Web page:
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Founder

Amelia Greenwald

Amelia Greenwald focused her career in public health nursing on training other nurses and creating infrastructure in war-ravaged Europe.

Selina Greenbaum

Seeing a need for young women to experience some freedom from the oppressive conditions of factory work, Selina Greenbaum created country resorts where women could take a much–needed vacation.

Richea Gratz

Richea Gratz became the first Jewish woman to attend college in America in 1787, at the age of thirteen.

Emma Leon Gottheil

As a translator, Emma Leon Gottheil helped spread the ideals of Zionism across America, but as founder of the Women’s League for Palestine, she helped turn those ideals into practical reality.

Bessie Goldstein Gotsfeld

Bessie Goldstein Gotsfeld helped organize American Mizrachi Women (now known as AMIT), pushed for its independence from men’s groups, and made aiding children in Israel a major goal of the organization.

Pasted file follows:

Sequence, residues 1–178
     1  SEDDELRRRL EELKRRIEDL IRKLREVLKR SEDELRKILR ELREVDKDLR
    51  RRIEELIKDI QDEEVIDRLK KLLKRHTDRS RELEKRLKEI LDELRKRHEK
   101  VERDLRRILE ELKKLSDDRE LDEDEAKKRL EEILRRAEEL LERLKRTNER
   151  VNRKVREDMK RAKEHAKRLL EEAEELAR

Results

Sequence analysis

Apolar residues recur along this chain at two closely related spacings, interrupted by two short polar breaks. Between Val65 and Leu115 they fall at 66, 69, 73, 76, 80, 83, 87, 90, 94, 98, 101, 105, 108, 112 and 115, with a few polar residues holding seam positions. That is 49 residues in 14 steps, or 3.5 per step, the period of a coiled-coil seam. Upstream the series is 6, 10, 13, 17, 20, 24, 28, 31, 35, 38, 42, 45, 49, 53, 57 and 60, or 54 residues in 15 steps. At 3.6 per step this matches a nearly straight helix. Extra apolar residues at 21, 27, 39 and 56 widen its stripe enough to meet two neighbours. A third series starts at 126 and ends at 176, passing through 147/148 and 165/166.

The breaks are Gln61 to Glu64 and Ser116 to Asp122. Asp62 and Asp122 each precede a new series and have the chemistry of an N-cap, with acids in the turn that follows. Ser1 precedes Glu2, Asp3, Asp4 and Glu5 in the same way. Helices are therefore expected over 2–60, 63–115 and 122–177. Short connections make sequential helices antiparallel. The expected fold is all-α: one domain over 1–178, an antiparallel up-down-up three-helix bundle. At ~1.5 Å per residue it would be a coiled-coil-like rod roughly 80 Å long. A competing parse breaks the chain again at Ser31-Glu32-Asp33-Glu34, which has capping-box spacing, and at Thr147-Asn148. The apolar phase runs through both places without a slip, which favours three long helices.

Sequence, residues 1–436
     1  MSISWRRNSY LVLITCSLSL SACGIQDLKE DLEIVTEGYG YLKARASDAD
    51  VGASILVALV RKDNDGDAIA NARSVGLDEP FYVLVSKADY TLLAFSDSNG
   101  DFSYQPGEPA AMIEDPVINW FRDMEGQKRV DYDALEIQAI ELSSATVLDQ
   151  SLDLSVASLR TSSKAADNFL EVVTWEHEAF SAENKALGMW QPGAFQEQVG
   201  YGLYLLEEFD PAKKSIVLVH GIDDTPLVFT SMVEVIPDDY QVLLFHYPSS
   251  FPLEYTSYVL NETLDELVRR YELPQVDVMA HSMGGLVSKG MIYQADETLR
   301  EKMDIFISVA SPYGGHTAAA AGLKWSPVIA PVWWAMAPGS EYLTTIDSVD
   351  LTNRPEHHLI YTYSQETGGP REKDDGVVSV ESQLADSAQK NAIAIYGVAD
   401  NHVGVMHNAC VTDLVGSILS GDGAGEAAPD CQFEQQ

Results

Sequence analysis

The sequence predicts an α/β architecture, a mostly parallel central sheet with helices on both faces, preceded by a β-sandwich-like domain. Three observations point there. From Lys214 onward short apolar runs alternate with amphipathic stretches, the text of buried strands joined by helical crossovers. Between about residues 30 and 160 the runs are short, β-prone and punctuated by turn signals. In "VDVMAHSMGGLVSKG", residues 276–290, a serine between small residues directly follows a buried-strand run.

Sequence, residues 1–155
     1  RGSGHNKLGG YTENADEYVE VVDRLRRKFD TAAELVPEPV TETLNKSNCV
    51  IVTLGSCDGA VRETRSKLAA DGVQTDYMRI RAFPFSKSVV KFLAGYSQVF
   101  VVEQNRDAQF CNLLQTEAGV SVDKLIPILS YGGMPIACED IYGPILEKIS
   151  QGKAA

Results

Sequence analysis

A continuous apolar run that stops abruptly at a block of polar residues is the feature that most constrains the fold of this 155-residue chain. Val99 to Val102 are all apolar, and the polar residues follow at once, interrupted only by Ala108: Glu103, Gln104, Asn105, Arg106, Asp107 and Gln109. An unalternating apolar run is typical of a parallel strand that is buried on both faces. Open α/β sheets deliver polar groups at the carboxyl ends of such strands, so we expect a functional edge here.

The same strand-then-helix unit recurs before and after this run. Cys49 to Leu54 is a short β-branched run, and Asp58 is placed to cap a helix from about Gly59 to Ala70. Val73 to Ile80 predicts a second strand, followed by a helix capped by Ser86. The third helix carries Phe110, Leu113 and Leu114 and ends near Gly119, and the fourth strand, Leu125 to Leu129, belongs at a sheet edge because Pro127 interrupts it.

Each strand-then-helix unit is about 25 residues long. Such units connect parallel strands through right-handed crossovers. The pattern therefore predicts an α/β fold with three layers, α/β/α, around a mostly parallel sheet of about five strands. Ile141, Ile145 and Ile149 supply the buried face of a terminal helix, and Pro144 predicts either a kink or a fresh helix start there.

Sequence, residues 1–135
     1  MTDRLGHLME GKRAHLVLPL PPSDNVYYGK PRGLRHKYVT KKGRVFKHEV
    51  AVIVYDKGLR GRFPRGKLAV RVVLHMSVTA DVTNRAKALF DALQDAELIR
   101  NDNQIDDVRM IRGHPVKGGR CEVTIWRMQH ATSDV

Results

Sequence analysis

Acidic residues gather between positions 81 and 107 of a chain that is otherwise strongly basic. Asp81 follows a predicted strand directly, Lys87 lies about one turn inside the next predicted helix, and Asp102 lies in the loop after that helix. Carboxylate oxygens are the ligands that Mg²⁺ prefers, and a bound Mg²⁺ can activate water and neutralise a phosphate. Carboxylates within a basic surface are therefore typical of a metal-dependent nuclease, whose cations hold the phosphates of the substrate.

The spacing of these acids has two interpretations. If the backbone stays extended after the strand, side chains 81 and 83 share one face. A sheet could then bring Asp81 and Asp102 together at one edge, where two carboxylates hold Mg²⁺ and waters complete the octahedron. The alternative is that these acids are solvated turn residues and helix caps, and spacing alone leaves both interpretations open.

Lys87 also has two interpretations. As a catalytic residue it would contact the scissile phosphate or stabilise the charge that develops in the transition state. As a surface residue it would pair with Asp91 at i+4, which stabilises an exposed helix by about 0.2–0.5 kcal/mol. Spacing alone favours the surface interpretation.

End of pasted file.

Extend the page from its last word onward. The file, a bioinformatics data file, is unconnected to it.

Jean Gordon

Already a successful businesswoman who had created a popular textile company, Jean Gordon launched a remarkable second career as the owner and publisher of Dance Magazine.

Rebecca Fischel Goldstein

Both as a rabbi’s wife and as a leader in her own right, Rebecca Fischel Goldstein strove to make women a significant force in Orthodox Judaism.

Edna Goldsmith

The granddaughter of one of the pioneers of Cleveland, Edna Goldsmith devoted her career to creating and leading Jewish women’s organizations within her home state of Ohio.

Selma Fraiberg

Selma Fraiberg’s insightful work in infant psychology led to new ways to treat at-risk and “failure to thrive” infants and culminated in her classic book on parenting, The Magic Years.

Gertrude Scharff Goldhaber

During a career limited time and again by her gender, her religion, and her marital status, physicist Gertrude Scharff Goldhaber helped ensure other women scientists would not face the same hurdles.

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How to cite this page

Jewish Women's Archive. "Founder." (Viewed on November 20, 2014) <http://jwa.org/taxonomy/term/21663>.

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